It has recently occurred to me that the “correct” spelling of the word godly is not capitalized – ever. There are a few different meanings of this word. The first is “to be like a deity, of or pertaining to a god” and the second is “like unto God.” The only real differentiation between these two meanings is in the capitalization of the definition and yet we have only one capitalization for the word godly itself and the implication of that spelling is towards the lesser used meaning of the word.
I propose that this is a flaw in the usage of the English language. Thankfully our language is one that is flexible and malleable enough to be able to take on new meanings, allow for greater expression over time and to adapt as the need arises. Throughout time English has arisen as a primary means for global communication because of these benefits where many “older” more rigid languages have fallen into disuse or have stagnated as overarching control of the language has kept them from adequately adapting to greater range of expression necessary in today’s highly advanced societal structure.
My proposition is that two words be formed: godly and Godly. The uncapitalized form of the word will continue on to mean “of or like a deity, etc.” while the capitalized form can be used in any reference to the monotheistic form of the word. This keeps literature from being unnecessarily ambiguous. Take the following sentence as the dictionary would have us write today:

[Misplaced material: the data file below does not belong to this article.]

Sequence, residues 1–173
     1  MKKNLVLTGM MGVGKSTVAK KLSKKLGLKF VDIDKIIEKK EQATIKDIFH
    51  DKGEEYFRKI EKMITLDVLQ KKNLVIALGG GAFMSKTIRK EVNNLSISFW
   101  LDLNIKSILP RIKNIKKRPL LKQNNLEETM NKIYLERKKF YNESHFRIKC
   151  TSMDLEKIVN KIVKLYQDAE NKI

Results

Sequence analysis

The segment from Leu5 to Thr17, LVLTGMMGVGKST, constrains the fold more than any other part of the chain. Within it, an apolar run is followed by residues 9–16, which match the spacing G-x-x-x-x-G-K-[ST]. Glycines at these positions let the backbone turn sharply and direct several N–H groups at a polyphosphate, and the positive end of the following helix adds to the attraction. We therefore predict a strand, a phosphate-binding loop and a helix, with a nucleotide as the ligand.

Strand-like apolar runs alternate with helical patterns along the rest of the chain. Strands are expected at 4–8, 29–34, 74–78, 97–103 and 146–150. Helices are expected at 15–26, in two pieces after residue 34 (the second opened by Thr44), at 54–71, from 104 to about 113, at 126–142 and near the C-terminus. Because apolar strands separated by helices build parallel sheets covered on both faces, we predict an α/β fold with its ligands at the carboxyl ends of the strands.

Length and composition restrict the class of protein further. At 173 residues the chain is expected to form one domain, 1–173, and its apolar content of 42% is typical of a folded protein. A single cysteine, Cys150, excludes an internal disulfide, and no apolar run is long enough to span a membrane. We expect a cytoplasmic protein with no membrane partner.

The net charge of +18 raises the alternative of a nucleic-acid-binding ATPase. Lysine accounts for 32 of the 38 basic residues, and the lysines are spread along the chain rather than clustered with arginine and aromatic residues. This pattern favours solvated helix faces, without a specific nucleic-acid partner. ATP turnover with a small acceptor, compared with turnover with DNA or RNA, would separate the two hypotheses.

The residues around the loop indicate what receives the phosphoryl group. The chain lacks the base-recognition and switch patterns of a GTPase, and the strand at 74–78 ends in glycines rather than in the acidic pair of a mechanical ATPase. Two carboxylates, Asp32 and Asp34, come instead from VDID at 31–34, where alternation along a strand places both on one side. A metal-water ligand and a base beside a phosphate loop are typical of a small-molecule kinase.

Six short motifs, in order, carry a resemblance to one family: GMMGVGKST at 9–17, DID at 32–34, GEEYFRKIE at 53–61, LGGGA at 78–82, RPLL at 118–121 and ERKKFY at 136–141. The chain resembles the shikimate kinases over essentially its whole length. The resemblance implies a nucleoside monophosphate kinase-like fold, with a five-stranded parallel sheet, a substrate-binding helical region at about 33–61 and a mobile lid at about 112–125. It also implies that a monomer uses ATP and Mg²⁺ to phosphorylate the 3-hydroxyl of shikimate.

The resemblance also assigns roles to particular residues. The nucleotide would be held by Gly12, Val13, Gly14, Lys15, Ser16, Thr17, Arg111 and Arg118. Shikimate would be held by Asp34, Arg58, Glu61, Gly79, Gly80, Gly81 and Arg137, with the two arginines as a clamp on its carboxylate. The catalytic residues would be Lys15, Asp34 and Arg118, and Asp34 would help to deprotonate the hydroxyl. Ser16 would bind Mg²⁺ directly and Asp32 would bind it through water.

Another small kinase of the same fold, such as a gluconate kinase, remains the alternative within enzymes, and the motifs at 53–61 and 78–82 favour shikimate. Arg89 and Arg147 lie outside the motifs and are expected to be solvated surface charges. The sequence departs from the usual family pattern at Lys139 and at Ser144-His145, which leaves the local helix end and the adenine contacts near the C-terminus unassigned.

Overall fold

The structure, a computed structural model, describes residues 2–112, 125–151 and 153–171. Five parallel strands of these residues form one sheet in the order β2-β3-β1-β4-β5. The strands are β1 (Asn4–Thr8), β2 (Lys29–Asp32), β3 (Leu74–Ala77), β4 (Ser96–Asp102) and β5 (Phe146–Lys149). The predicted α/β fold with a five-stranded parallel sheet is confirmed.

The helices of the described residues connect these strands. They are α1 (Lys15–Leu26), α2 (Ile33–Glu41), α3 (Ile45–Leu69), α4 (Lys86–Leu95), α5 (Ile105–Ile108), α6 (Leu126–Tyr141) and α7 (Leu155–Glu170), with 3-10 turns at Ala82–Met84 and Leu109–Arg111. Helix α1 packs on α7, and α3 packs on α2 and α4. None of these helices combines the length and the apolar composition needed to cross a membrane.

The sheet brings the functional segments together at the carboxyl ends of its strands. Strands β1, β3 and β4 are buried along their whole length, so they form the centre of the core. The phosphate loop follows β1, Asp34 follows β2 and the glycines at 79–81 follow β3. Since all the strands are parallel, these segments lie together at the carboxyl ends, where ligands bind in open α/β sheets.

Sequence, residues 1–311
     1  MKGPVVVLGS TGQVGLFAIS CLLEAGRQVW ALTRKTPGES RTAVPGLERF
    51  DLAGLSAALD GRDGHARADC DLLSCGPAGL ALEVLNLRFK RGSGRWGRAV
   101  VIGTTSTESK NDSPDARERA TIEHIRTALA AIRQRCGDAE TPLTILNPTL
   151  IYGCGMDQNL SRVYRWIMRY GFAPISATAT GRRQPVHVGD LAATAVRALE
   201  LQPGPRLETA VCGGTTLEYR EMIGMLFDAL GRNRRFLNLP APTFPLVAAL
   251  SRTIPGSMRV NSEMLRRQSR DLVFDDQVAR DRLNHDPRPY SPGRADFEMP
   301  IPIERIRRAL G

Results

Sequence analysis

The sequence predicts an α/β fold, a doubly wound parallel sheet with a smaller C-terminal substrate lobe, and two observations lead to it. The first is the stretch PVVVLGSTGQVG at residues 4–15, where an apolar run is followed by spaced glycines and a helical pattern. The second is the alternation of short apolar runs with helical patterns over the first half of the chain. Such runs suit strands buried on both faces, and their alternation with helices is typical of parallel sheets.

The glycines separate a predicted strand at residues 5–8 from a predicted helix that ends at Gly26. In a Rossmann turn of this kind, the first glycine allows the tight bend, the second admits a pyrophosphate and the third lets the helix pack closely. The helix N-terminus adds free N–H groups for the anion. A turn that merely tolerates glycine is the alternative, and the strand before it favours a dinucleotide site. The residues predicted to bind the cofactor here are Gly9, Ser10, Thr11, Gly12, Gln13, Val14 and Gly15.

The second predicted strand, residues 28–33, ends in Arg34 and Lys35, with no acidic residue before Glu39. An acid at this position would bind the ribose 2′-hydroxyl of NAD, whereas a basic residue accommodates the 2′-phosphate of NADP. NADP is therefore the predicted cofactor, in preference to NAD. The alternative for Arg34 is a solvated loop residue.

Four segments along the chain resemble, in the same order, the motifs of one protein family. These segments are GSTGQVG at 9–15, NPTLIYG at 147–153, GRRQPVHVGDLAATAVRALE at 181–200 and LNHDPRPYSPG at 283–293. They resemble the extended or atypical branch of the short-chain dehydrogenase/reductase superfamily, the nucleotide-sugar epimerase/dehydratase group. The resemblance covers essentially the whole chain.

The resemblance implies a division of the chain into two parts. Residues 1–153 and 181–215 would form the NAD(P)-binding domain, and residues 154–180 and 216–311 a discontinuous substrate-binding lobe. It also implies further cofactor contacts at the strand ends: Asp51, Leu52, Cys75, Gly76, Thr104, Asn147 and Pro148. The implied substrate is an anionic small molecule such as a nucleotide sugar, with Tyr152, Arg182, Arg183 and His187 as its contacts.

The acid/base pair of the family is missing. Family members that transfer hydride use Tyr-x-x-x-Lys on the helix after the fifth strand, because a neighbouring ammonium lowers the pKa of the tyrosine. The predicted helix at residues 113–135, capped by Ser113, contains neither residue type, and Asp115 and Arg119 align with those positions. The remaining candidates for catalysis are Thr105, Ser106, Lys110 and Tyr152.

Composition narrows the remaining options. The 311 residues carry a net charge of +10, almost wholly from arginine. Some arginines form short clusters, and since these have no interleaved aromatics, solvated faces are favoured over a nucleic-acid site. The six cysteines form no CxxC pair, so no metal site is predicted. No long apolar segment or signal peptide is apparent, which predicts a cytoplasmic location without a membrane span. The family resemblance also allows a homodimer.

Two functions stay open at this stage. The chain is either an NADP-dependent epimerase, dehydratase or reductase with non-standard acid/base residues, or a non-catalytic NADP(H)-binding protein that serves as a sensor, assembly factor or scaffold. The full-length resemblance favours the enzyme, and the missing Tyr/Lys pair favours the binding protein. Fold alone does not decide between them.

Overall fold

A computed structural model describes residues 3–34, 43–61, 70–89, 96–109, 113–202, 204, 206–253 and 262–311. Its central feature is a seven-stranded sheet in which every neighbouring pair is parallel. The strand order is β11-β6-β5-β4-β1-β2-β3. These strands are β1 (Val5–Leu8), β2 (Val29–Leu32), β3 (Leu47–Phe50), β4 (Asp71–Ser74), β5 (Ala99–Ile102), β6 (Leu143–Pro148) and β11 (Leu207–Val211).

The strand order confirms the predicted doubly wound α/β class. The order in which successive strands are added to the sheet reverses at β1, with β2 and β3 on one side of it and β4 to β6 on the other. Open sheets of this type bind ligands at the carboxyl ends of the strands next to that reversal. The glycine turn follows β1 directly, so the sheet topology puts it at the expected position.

Lauren, being a godly woman, ran to work quickly.
Currently this sentence could mean that she was a good, Christian woman who fears God and follows in his commandments and loves her fellow man, etc. It could be that the author simply wants to inform us that she is a “believer” who is faithful. It is a statement about her character and her faith. Her travel to the office could be incidental.
However, the same sentence could mean that she is actually a minor deity or, perhaps, a superhero (an actual example used in a dictionary entry that I checked.) So maybe the implication is that she ran several miles in under a minute to work or that she tossed cars out of her way as she went. Or maybe her job is dressing in spandex and using her super-stretchy arms to stop would-be jewel thieves.
Instead we can solve this issue by simply have these two different versions available to us when needed:
Lauren, being a Godly woman, ran to work quickly. (Religious meaning.)
Lauren, being a godly woman, ran to work quickly. (Referring to superhuman x-ray vision.)
The point is, the word is pointlessly ambiguous. But now I have pointed out the flaw, stated the need and shown how to use the word correctly. Now we can move on. Encourage your friends to use the new word. Use it yourself. With a simple, grassroots movement we can quickly correct this oversight in the language.